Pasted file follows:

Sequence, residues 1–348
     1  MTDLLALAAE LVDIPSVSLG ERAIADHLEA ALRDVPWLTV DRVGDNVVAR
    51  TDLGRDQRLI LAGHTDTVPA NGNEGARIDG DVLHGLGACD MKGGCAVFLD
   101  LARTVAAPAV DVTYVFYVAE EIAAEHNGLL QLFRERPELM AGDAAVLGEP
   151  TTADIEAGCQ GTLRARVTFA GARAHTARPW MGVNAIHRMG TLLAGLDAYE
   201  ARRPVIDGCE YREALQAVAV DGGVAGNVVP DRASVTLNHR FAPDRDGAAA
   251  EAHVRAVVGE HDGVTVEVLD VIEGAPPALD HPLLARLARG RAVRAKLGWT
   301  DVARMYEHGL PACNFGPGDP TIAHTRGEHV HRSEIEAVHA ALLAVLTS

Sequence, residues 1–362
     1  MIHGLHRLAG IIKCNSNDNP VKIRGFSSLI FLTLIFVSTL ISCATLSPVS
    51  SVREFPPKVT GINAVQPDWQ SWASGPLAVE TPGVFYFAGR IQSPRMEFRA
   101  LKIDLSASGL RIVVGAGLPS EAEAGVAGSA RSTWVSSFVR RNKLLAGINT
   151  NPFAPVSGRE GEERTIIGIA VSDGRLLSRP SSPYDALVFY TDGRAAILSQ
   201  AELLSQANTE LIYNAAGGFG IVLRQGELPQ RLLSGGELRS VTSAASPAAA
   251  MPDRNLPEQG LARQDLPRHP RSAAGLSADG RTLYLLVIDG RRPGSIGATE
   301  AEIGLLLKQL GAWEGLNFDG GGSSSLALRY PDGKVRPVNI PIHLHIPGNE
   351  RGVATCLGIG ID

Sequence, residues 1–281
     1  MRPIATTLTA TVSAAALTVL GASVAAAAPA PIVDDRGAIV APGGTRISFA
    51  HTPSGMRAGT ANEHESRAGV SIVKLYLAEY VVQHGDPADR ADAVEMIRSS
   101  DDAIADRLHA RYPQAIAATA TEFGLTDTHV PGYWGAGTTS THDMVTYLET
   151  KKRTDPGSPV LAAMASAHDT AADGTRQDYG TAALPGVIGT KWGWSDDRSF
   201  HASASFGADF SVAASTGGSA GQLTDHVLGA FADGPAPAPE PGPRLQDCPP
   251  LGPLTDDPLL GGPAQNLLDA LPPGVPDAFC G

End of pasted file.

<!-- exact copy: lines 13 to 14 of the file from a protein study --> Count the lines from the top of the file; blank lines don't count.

   151  NPFAPVSGRE GEERTIIGIA VSDGRLLSRP SSPYDALVFY TDGRAAILSQ
   201  AELLSQANTE LIYNAAGGFG IVLRQGELPQ RLLSGGELRS VTSAASPAAA